XXIX. Alternatives to Credit Ratings


The Commission proposes to restrict the permitted investment of customer assets to
(i) obligations of the United States and obligations guaranteed as to principal and interest by the United States, (ii) general obligations of any State or any political subdivision thereof (municipal securities), and (iii) non-negotiable certificates of deposit that are redeemable by the issuing bank within one business day. Securities issued by government sponsored enterprises (agency securities), foreign sovereign debt, corporate notes and bonds, commercial paper, and negotiable certificates of deposit would no longer be permitted investments.

We are particularly troubled by the proposals to:

    • Prohibit entirely investments in the securities of government sponsored enterprises (“GSEs”) and corporate obligations (unless such securities are guaranteed as to principal and interest by the United States) and all foreign sovereign debt.

    o GSE’s been found by Congress to perform activities critical to the public interest. To fund these activities, these GSEs rely on investments from both foreign and domestic investors. We are concerned that the Proposed Amendments may result in a loss of investor confidence in the securities of these entities and a concomitant rise in the cost of borrowing.

    o Provided trading in the relevant security remains highly liquid, we believe corporate notes and bonds, commercial paper, and negotiable certificates of deposit should continue to be eligible investments under Rule 1.25.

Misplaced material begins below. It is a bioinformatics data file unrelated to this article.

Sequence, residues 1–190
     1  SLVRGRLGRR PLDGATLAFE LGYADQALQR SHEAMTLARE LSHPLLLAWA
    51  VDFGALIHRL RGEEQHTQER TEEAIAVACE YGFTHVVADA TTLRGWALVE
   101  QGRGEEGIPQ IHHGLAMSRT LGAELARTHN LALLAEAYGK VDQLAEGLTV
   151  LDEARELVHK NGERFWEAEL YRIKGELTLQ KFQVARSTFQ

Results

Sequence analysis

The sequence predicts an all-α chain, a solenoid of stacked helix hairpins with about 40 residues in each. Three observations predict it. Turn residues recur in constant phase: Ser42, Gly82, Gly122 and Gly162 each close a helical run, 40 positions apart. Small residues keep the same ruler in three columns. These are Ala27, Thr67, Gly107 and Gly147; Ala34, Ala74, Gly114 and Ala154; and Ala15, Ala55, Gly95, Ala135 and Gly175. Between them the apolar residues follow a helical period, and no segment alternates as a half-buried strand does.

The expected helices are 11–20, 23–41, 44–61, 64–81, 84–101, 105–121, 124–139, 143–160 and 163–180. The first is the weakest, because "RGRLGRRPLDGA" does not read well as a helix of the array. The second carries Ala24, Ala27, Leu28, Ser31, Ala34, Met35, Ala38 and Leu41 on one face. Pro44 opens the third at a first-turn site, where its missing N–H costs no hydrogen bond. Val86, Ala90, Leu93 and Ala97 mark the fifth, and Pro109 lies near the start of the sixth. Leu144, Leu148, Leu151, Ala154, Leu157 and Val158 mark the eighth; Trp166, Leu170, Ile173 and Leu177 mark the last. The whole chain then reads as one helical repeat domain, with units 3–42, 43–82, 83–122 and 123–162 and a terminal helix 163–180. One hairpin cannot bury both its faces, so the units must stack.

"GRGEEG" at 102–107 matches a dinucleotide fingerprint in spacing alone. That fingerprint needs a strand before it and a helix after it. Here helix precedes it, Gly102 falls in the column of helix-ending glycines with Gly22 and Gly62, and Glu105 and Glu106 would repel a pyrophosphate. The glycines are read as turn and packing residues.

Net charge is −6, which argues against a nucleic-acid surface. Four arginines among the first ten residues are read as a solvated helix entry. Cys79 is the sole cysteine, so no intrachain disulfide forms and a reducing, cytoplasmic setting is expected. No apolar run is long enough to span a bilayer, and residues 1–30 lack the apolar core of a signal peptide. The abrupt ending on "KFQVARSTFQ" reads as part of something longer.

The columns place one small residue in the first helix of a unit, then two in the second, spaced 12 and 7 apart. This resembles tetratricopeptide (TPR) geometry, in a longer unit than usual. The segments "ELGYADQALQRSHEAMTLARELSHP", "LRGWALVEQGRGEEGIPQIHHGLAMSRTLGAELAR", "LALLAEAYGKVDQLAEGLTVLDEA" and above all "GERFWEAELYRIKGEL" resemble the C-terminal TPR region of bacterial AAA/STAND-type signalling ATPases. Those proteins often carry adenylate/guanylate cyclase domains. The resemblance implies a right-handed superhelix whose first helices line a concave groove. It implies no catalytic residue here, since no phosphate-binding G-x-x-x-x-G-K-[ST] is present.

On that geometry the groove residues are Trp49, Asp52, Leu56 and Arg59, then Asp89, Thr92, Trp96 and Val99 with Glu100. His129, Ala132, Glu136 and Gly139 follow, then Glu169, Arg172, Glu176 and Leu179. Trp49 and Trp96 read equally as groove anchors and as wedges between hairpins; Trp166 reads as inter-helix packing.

o The Commission’s concern over foreign sovereign debt should not apply to the debt of the money center countries.

    • Limit the investment in money market mutual funds to 10 percent of investible assets held in segregation

    o We suggest that Rule 1.25 be amended to provide that (i) an FCM’s investment in any one money market mutual fund may not exceed 5 percent of assets under management in that fund (unchanged from our earlier recommendation), and (ii) no more than 15 percent of the total assets held in segregation may be invested in any one family of money market mutual funds. In addition, investments in money market mutual funds would not be permitted to exceed 50 percent of the total assets held in segregation

    • Prohibit repurchase and reverse repurchase transactions with affiliated banks and registered broker-dealers (as well as so-called “in-house” transactions).

    o We are concerned that imposing a concentration limit of 5 percent may actually decrease liquidity and increase operational and systemic risk. The proposed concentration limit would require an FCM seeking to actively manage customer assets through the use of repurchase and reverse repurchase agreements to maintain accounts at approximately 25 different banks or broker-dealers to assure that the 5 percent limit is never hit.

    o Although affiliates within a financial holding company are not immune from the strains that another affiliate may experience, it does not follow that assets held in an FCM’s customer segregated account would be at greater risk.

    o The terms and conditions governing internal transactions should be more than sufficient to assure that the customer segregated account and foreign futures and foreign options secured amount account are protected in the event of an FCM bankruptcy

    • In determining whether a security is highly liquid, an FCM should be able to make reference to securities that are directly comparable, particularly for those issuers with many classes of securities outstanding. Further, FCMs should be able to rely on publicly-available prices as well as third-party pricing vendors.